Calm Your Worries: Part 10
Can’t Sleep and Racing with Worry?
I heard a wonderful quote while at Kripalu the other day about worrying in the middle of the night. “Sleepless worry is creativity all dressed up with nowhere to go.” I think this is true. There you are wanting peace and rest and the body and mind become super active. Thoughts explode and have nowhere to go. For some of us, our mind’s default setting is to worry. Since it’s dark and quiet, the worry can get very loud and animated. It sometimes feels very scary or emotional. Actually, sleep problems tend to increase in the Spring.
When you wake up with worried thoughts, one of the worst things that happens is you tell yourself that you don’t or can’t sleep. This thought sets up a an anxiety loop. You wake feeling worry and then you worry more because you “can’t” sleep. Knowing you need sleep, you feel more worry and begin to fret and panic. Usually anger or fear follows and then the body and mind are fully engaged and wide awake. Uh oh!
What can you do with sleepless nights and a worried mind?
I suggest guiding yourself through your own meditation. Of course there are many great meditations available to you right on your phone. You may find one that is exactly to your liking. However, if worry for you has that quality of creativity with nowhere to go, why not use that creativity to make your own? Here are a few ideas to get you started. You can try them alone or in combination.
“Huh! That’s Interesting!”
I’ve been using this self-guided meditation a lot lately when I have worry during the night. First, I recognize that I have a part that in the night is likely to take any fears and insecurities from the daytime and bundle them into some pretty freaked out scary ideas at night. After this part has actually woken me, I take just a pause and think, “Huh! That’s interesting!” Or “Yeah, that’s pretty nuts!’ or “Woo! Yep, scary!”
I acknowledge that there ‘s a part that worries but with a tone that says, “I see you. I get it, but I’m not buying into all you’re saying” Then I bring in just 10% more recognition that it is very late, and I am very tired and of course no part of me can think very clearly right now. Next comes a couple gentle breaths and a reminder that in the morning things will likely feel clearer. I sigh deeply, sweetly pat my own head, and send it back to bed.
“Rest is always possible.”
Even though your mind feels worry and your body may be joining in the activity, rest is still possible. Remind yourself that this is true. Here’s how to turn this idea into a self-guided meditation. Notice that your body is lying in your bed. Make it as comfortably inert as possible. Feel how flat your body is on your mattress. Notice the slight indentations where your weight presses into the mattress. See how heavy your body can feel. Enjoy the idea that you are lucky enough to be awake and appreciate the luxuriousness of just laying around with nothing to do.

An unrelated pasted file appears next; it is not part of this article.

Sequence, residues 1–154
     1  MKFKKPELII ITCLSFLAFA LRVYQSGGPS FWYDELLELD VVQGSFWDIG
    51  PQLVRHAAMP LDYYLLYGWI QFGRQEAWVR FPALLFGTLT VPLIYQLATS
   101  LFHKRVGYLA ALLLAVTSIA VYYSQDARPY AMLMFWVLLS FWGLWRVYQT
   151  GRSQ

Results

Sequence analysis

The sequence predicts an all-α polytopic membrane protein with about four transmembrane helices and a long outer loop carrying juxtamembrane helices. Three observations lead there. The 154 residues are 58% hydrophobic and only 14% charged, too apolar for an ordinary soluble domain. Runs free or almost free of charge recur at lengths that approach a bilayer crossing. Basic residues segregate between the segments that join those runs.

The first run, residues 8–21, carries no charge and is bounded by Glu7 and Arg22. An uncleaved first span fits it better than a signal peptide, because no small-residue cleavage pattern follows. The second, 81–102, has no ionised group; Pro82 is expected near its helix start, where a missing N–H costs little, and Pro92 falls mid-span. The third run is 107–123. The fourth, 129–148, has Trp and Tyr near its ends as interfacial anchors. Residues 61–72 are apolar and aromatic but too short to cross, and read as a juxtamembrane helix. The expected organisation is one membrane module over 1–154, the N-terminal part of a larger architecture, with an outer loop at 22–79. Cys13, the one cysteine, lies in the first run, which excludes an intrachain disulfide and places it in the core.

Breathe in saying, “This is my body at rest.” or “I am at rest.” Remind yourself that a body at rest like this can repair itself and get refreshed. It does not require you to sleep to do so. Allow your eyelids to rest as well. Let your eyes experience this nice resting position. See how heavy they can feel in their sockets. Eyes in the dark are resting. Remind them. You can take this as far as you like, guiding each little part of your body to experience a sense of being at rest, calm and without movement or expectation. Breathe. You may not be sleeping soundly, but tonight you choose to rest.
“My Mind Can Play!”
If you really have a lot of thought and worry, why not use the time to let your mind play? Again, as long as your body is at rest, it will be alright. Now, let your mind slow enough to simply play instead of worry. This may take a little practice, but it can actually be quite fun. Instead of sending your mind angry messages about how you need to get up early and will feel rotten and you never sleep anymore and so on, ask it what it would rather think about now that it has some time. Then create your thought. Keep it slow and easy. Remind your mind that you are in rest mode but can let it play a bit.
Breathe and offer some options.
Maybe your mind would like to find a great memory from your past. Let it know that only the best moments are reserved for late night thinking. Perhaps a fun story with you as the star would amuse your creative parts. How about a fun fantasy? Worried about money? Imagine you are rolling in it. Worried about your kids? Make the best story you can imagine about them. Want a new partner? Create that person in your mind’s eye.
Redecorate your living room; imagine a new career; recall every book you’ve ever read. Keep breathing slowly. Keep the body at rest. Drop agendas and allow the mind to simply play. Guide yourself gently and with a positive mindset. This is resting. Honestly, whenever I use this self-guided meditation idea, I almost wish I could stay awake a little longer.
There are many more good ideas for helping you calm your worries in my book.